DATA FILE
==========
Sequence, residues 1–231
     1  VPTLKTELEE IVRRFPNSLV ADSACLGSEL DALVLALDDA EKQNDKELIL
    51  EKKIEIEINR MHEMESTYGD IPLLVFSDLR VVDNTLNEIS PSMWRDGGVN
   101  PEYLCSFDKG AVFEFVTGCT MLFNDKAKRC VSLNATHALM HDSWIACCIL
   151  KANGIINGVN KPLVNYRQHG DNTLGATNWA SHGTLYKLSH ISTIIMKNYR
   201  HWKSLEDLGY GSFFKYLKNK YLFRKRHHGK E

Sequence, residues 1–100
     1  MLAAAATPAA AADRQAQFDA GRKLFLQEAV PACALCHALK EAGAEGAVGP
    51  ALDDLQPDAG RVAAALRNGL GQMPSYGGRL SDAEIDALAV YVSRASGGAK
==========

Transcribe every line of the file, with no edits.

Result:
Sequence, residues 1–231
     1  VPTLKTELEE IVRRFPNSLV ADSACLGSEL DALVLALDDA EKQNDKELIL
    51  EKKIEIEINR MHEMESTYGD IPLLVFSDLR VVDNTLNEIS PSMWRDGGVN
   101  PEYLCSFDKG AVFEFVTGCT MLFNDKAKRC VSLNATHALM HDSWIACCIL
   151  KANGIINGVN KPLVNYRQHG DNTLGATNWA SHGTLYKLSH ISTIIMKNYR
   201  HWKSLEDLGY GSFFKYLKNK YLFRKRHHGK E

Sequence, residues 1–100
     1  MLAAAATPAA AADRQAQFDA GRKLFLQEAV PACALCHALK EAGAEGAVGP
    51  ALDDLQPDAG RVAAALRNGL GQMPSYGGRL SDAEIDALAV YVSRASGGAK